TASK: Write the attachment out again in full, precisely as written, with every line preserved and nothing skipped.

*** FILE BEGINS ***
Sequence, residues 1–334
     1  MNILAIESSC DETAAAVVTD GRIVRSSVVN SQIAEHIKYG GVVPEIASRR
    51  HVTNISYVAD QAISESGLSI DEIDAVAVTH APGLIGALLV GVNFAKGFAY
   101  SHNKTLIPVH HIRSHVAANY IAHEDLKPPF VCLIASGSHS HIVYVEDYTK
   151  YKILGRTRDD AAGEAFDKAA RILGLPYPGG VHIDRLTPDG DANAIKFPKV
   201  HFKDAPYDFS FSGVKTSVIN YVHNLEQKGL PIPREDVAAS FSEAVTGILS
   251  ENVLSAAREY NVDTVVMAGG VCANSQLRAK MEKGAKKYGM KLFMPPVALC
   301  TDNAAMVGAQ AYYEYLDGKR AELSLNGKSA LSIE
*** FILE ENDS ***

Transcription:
Sequence, residues 1–334
     1  MNILAIESSC DETAAAVVTD GRIVRSSVVN SQIAEHIKYG GVVPEIASRR
    51  HVTNISYVAD QAISESGLSI DEIDAVAVTH APGLIGALLV GVNFAKGFAY
   101  SHNKTLIPVH HIRSHVAANY IAHEDLKPPF VCLIASGSHS HIVYVEDYTK
   151  YKILGRTRDD AAGEAFDKAA RILGLPYPGG VHIDRLTPDG DANAIKFPKV
   201  HFKDAPYDFS FSGVKTSVIN YVHNLEQKGL PIPREDVAAS FSEAVTGILS
   251  ENVLSAAREY NVDTVVMAGG VCANSQLRAK MEKGAKKYGM KLFMPPVALC
   301  TDNAAMVGAQ AYYEYLDGKR AELSLNGKSA LSIE